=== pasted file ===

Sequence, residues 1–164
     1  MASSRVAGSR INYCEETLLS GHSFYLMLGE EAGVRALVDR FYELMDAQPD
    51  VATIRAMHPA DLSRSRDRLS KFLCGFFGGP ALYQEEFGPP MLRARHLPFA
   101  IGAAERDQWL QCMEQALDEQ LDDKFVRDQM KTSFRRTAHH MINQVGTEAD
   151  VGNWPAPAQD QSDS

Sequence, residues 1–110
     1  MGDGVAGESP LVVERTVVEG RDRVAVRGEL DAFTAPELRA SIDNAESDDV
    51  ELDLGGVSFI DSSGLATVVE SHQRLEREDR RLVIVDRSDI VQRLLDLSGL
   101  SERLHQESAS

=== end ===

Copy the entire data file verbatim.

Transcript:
Sequence, residues 1–164
     1  MASSRVAGSR INYCEETLLS GHSFYLMLGE EAGVRALVDR FYELMDAQPD
    51  VATIRAMHPA DLSRSRDRLS KFLCGFFGGP ALYQEEFGPP MLRARHLPFA
   101  IGAAERDQWL QCMEQALDEQ LDDKFVRDQM KTSFRRTAHH MINQVGTEAD
   151  VGNWPAPAQD QSDS

Sequence, residues 1–110
     1  MGDGVAGESP LVVERTVVEG RDRVAVRGEL DAFTAPELRA SIDNAESDDV
    51  ELDLGGVSFI DSSGLATVVE SHQRLEREDR RLVIVDRSDI VQRLLDLSGL
   101  SERLHQESAS